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Title: GIS aided multi-level fatal traffic accident analysis in Hong Kong
Authors: Ng, Kwok-suen
Degree: M.Phil.
Issue Date: 2002
Abstract: A Geographical Information Systems (GIS) aided accident analysis algorithm, which integrates various statistical and spatial techniques, has been developed in this study. The algorithm is aimed to (1) reconize the effects of potential causal factors on the occurrences of fatal accidents; (2) evaluate the fatal accident risk of study areas and (3) locate areas which have the highest fatal accident risk. A GIS aided fatal accident analysis graphical user interface prototype program has been developed based on the algorithm. The program is aimed to facilitate and speed up the fatal accident analysis. In order to demonstrate the effectiveness of the algorithm, it is applied to perform a multi-level fatal accident analysis. The multi-level fatal accident analysis is conducted at territorial, zonal and street levels. The findings show that the occurrence of fatal accidents follows a Poisson distribution. In territorial level accident analysis, the results show that population, employment, vehicle kilometer travelled, number of car ownerships and median monthly domestic household income are found to have significant correlation with the occurrence of fatal accidents. In zonal level accident analysis, population, employment, land area and various land use factors are found to have significant correlation with the occurrence of fatal accidents. In street level accident analysis, the results show that vehicle flow and speed limit are found to have significant correlation with the occurrence of fatal accidents. This study has demonstrated that the GIS aided multi-level analysis algorithm can provide analysts a broader view to understand the occurrence of fatal accidents. The results can serve as a reference for town planners considering road safety in the town planning process. In zonal and street level fatal accident analysis, fatal accident black-sites are ranked according to their fatal accident risk, which combines historical fatal accident records with the fatal accident potential hazards. The results show that the proposed algorithm has improved the information of the ranking list comparing to that based on historical accident records. Employing this algorithm, the un-reported zones which have high potential fatal accident hazards can also be included in the risk ranking list. This information is certainly useful to the authority in giving priority to the road safety improvement plan.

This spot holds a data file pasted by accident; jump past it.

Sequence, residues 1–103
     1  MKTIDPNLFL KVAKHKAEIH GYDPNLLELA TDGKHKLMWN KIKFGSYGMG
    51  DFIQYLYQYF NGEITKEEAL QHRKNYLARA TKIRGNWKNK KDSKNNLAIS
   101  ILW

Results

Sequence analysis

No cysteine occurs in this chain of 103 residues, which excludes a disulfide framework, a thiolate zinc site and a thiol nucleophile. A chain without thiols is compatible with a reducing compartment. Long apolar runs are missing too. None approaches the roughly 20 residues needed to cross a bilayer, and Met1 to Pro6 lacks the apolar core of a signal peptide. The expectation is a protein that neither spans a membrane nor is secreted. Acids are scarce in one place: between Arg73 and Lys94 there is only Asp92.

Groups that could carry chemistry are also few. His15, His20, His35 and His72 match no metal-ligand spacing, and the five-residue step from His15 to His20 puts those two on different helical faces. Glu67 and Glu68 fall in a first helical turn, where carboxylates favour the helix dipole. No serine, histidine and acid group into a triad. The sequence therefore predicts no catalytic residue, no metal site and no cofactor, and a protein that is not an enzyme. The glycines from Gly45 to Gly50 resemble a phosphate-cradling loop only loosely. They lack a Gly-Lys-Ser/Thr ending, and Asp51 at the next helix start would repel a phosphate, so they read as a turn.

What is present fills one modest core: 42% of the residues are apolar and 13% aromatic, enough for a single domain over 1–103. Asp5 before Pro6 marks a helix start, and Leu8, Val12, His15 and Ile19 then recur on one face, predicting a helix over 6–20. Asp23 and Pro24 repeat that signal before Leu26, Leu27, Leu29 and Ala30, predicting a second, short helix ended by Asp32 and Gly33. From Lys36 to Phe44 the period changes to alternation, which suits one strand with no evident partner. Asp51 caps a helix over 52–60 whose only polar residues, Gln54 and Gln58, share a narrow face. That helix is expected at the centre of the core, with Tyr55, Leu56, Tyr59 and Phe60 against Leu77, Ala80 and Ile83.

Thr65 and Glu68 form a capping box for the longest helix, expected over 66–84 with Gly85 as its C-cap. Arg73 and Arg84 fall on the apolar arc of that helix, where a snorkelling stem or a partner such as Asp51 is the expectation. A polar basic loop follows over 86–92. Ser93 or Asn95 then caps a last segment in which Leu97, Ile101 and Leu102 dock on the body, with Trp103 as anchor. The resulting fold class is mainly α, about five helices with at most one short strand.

Subjects: Hong Kong Polytechnic University -- Dissertations
Traffic accident investigation -- Data processing
Traffic accident investigation -- Statistical methods
Geographic information systems
Pages: x, 210 leaves : ill., maps ; 30 cm
Appears in Collections:Thesis

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